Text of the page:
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                Author and article information

                Journal
                Exp Transl Stroke Med
                Experimental & Translational Stroke Medicine
                BioMed Central
                2040-7378
                2011
                16 June 2011
                : 3
                : 5
                Affiliations
                [1 ]Department of Neurology, University of Leipzig, Liebigstr. 20, 04103 Leipzig, Germany
                [2 ]Paul Flechsig Institute for Brain Research, University of Leipzig, Jahnallee 59, 04109 Leipzig, Germany
                [3 ]Department of Anatomy, Histology and Embryology, Faculty of Veterinary Medicine, University of Leipzig, An den Tierkliniken 43, 04103 Leipzig, Germany
                [4 ]Fraunhofer Institute for Cell Therapy and Immunology, Perlickstr. 1, 04103 Leipzig, Germany
                [5 ]Translational Centre for Regenerative Medicine, University of Leipzig, Philipp-Rosenthal-Str. 55, 04103 Leipzig, Germany
                [6 ]Institute of Clinical Immunology and Transfusion Medicine, University of Leipzig, Johannisallee 30, 04103 Leipzig, Germany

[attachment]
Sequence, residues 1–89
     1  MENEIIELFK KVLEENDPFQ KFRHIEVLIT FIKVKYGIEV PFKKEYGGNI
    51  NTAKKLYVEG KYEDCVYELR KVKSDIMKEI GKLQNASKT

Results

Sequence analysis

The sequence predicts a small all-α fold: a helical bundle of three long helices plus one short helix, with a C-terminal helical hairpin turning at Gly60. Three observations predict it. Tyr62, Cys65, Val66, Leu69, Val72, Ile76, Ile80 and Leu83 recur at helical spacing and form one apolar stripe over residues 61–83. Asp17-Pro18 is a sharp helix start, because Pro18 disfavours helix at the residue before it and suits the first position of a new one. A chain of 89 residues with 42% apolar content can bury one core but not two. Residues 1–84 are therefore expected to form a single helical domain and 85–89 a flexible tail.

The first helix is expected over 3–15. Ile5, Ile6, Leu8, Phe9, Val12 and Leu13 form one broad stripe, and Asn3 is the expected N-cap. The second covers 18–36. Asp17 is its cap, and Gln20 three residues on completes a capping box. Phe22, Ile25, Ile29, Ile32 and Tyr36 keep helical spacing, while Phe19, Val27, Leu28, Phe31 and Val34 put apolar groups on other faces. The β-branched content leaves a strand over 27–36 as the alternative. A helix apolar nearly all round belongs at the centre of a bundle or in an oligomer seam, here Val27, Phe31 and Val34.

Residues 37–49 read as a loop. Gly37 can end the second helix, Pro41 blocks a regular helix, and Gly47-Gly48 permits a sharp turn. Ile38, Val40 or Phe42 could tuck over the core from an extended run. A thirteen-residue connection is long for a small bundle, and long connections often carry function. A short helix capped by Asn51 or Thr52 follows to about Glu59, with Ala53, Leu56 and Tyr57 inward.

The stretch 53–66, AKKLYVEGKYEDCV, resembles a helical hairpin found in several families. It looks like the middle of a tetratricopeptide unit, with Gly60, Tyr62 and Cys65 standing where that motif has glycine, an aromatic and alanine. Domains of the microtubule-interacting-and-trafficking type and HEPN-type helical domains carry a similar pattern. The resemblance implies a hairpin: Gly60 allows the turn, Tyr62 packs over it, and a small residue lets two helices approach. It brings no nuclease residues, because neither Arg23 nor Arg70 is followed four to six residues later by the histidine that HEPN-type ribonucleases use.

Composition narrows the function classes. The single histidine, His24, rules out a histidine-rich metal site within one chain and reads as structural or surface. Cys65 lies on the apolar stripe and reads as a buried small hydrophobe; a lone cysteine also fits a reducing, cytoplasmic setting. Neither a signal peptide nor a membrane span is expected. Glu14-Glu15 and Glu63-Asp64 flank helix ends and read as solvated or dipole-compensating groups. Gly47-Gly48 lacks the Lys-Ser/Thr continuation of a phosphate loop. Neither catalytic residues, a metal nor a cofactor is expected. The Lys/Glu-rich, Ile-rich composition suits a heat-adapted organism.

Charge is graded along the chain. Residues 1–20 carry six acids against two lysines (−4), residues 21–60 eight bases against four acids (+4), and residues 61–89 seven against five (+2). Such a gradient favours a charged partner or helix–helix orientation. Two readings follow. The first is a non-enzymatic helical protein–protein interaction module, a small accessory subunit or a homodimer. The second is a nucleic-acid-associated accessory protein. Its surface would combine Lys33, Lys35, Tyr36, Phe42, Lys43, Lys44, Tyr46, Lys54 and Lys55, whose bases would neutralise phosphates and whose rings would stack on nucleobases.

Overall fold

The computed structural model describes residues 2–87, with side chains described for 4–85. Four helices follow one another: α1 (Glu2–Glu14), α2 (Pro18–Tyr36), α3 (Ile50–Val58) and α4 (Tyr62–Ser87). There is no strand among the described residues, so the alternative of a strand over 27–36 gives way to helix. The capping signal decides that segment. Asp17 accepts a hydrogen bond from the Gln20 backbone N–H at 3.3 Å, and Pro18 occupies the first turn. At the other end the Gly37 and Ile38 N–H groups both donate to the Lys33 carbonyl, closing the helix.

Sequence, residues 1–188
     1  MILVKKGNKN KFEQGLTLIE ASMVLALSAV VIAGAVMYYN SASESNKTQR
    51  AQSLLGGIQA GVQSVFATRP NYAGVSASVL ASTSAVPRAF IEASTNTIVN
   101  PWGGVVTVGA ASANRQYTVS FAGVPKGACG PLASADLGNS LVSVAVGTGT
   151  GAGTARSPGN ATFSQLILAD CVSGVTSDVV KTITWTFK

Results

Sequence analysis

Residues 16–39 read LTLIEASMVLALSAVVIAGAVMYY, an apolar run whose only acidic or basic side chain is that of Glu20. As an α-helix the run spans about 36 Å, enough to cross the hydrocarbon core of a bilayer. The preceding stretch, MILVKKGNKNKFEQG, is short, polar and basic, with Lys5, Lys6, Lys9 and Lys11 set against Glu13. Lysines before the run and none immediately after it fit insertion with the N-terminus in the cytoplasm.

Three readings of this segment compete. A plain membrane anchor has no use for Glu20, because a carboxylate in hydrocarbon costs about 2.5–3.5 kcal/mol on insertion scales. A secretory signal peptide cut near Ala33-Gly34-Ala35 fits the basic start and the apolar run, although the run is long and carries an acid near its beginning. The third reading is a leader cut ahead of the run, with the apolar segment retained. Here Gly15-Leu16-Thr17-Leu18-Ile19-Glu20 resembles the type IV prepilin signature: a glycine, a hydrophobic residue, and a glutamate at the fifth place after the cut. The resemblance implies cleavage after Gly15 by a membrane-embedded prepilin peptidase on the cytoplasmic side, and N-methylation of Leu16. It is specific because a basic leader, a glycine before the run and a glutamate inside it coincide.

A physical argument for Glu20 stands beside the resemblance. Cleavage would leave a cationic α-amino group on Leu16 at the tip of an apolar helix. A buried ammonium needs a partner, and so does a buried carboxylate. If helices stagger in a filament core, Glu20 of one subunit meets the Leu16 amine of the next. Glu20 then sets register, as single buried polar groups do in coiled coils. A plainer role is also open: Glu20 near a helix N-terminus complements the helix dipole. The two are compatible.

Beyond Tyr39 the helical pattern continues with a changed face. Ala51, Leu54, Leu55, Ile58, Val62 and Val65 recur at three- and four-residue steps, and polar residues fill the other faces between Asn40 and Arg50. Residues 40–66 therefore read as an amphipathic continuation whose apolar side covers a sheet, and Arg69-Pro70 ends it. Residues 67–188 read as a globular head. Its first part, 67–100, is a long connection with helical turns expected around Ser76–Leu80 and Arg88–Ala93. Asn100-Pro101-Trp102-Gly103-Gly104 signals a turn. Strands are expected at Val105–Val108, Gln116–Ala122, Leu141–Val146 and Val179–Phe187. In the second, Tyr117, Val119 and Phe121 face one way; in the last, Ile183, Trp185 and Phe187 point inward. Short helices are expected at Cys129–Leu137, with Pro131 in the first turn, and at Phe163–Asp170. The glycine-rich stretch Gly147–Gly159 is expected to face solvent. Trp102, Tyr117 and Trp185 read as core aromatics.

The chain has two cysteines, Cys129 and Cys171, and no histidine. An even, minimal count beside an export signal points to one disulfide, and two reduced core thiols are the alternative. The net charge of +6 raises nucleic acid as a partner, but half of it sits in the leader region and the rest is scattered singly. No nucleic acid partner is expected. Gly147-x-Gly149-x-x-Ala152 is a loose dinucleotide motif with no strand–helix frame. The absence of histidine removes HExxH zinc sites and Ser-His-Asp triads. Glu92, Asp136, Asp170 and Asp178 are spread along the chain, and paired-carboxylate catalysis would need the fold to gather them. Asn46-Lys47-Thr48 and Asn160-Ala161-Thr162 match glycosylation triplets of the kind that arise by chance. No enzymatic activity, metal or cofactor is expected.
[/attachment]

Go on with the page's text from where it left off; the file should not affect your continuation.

Article
                2040-7378-3-5
                10.1186/2040-7378-3-5
                3144445
                21679435
                Copyright ©2011 Michalski et al; licensee BioMed Central Ltd.

                This is an Open Access article distributed under the terms of the Creative Commons Attribution License ( http://creativecommons.org/licenses/by/2.0), which permits unrestricted use, distribution, and reproduction in any medium, provided the original work is properly cited.

                Categories
                Research

                Cardiovascular Medicine